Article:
Abraham Cowley (1618-1667)
1Well then; I now do plainly see
2This busy world and I shall ne'er agree.
3The very honey of all earthly joy
4Does of all meats the soonest cloy;
5 And they (methinks) deserve my pity
6Who for it can endure the stings,
7The crowd, and buzz, and murmurings
8 Of this great hive, the city.
9 Ah, yet, ere I descend to th' grave
10May I a small house and large garden have!
11And a few friends, and many books, both true,
12Both wise, and both delightful too!
13 And since love ne'er will from me flee,
14A mistress moderately fair,
15And good as guardian angels are,
16 Only belov'd, and loving me.
17 O fountains! when in you shall I
18Myself eas'd of unpeaceful thoughts espy?
19O fields! O woods! when shall I be made
20The happy tenant of your shade?
21 Here's the spring-head of Pleasure's flood:
22Here's wealthy Nature's treasury,
23Where all the riches lie that she
24 Has coin'd and stamp'd for good.
25 Pride and ambition here
26Only in far-fetch'd metaphors appear;
27Here nought but winds can hurtful murmurs scatter,
28And nought but Echo flatter.
29 The gods, when they descended, hither
30From heaven did always choose their way:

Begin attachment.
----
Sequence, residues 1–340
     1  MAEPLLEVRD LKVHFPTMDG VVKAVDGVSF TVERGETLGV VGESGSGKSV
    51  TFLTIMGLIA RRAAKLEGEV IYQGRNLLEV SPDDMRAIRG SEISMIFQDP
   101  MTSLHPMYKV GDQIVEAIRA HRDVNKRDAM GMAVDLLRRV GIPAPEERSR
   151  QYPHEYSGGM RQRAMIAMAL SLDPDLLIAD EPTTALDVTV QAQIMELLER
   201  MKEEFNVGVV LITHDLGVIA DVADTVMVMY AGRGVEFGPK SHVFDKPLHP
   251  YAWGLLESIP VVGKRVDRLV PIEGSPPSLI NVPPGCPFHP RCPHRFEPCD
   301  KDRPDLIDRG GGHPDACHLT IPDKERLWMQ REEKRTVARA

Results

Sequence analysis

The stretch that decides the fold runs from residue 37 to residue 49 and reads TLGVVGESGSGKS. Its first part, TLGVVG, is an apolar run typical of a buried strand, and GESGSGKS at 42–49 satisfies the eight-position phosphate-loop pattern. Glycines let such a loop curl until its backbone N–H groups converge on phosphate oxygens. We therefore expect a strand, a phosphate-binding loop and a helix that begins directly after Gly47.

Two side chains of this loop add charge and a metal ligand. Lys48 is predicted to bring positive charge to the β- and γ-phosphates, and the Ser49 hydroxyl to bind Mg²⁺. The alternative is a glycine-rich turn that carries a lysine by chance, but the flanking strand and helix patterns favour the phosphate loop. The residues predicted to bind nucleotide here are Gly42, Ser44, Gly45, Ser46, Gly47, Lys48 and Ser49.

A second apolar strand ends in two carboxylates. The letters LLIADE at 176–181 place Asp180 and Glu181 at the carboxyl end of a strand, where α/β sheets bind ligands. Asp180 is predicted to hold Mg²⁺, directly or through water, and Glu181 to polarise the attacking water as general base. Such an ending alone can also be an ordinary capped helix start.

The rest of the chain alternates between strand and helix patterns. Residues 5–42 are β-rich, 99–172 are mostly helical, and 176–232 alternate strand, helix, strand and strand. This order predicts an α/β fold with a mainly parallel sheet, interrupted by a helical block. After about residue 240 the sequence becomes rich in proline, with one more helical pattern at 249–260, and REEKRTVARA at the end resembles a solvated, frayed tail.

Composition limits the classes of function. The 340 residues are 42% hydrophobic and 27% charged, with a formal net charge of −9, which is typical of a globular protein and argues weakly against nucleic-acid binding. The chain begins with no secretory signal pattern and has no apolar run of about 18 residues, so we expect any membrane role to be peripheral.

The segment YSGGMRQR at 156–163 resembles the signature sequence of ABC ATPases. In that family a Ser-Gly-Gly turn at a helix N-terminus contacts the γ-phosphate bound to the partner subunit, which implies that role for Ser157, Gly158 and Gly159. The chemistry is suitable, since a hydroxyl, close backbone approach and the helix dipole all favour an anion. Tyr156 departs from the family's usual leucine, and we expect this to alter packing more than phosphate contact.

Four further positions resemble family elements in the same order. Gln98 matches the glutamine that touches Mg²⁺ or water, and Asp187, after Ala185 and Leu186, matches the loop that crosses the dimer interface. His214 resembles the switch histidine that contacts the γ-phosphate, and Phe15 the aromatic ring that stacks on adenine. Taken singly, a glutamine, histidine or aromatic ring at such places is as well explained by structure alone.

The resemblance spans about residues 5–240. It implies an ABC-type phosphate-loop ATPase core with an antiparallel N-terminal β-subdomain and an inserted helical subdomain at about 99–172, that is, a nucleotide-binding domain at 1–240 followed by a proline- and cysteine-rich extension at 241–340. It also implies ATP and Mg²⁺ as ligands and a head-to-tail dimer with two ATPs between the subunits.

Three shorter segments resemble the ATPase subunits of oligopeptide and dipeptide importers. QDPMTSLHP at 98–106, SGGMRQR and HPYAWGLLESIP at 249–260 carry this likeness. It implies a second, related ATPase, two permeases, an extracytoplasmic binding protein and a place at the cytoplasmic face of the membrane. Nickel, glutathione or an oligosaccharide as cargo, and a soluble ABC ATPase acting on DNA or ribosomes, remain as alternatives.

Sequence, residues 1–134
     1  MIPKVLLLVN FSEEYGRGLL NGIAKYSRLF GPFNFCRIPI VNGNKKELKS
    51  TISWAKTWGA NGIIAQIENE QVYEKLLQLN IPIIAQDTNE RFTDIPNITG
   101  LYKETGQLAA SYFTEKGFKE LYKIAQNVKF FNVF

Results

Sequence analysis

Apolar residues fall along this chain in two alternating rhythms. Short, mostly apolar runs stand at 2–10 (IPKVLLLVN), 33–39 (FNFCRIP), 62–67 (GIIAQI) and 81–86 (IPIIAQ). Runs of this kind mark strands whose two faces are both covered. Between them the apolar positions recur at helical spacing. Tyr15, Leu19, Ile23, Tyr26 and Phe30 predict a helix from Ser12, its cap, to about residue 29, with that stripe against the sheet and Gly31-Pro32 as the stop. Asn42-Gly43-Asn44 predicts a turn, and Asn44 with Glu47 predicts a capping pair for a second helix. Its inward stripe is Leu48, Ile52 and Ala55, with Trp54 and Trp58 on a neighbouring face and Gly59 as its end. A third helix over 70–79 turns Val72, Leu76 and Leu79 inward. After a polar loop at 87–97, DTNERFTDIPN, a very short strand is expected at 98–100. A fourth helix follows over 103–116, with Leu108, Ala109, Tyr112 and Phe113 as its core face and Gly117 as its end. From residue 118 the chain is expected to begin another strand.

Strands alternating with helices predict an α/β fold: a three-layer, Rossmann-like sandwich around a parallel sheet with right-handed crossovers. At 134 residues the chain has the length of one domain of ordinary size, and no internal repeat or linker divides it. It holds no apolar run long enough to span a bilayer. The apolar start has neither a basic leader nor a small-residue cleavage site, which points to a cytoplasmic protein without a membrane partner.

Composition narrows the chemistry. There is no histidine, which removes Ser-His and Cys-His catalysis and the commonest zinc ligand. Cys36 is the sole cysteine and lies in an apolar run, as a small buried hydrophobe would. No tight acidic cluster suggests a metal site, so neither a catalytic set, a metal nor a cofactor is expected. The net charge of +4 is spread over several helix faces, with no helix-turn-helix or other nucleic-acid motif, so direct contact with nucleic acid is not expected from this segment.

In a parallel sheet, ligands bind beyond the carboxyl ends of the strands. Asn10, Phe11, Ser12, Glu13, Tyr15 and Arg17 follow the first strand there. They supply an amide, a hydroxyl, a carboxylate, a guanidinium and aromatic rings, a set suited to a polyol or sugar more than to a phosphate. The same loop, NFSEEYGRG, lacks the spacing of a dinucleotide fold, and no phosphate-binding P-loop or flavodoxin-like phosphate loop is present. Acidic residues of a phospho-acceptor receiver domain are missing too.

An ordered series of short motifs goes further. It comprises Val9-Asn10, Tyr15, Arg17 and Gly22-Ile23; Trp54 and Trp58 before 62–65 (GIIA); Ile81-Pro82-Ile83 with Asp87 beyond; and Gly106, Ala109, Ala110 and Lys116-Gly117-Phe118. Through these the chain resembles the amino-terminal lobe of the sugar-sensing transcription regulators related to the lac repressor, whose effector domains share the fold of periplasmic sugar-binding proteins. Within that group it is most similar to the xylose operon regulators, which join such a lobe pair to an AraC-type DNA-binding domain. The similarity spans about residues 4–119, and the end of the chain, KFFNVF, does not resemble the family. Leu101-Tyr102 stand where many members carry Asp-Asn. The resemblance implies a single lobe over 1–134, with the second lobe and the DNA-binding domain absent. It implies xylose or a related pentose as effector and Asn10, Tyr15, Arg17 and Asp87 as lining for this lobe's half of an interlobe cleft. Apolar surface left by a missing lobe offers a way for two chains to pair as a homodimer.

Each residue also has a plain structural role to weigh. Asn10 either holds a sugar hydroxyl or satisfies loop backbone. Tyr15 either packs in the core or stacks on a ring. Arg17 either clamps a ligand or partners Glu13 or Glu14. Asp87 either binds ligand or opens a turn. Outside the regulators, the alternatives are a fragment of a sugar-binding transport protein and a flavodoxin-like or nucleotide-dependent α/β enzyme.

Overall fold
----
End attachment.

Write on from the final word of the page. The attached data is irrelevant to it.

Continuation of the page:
31And therefore we may boldly say
32 That 'tis the way too thither.
33 How happy here should I
34And one dear she live, and embracing die!
35She who is all the world, and can exclude
36In deserts solitude.
37 I should have then this only fear:
38Lest men, when they my pleasures see,
39Should hither throng to live like me,
40 And so make a city here.
Online text copyright © 2003, Ian Lancashire for the Department
of English, University of Toronto.
Published by the Web Development Group, Information Technology Services,
University of Toronto Libraries.
Original text: Abraham Cowley, The Mistresse (London: for Humphrey Mosely, 1647). Wing 6674.
First publication date:
RPO poem editor: N. J. Endicott
RP edition: 2RP 1.450.
Recent editing: 4:2002/2/10
Form: Horatian Ode
Other poems by Abraham Cowley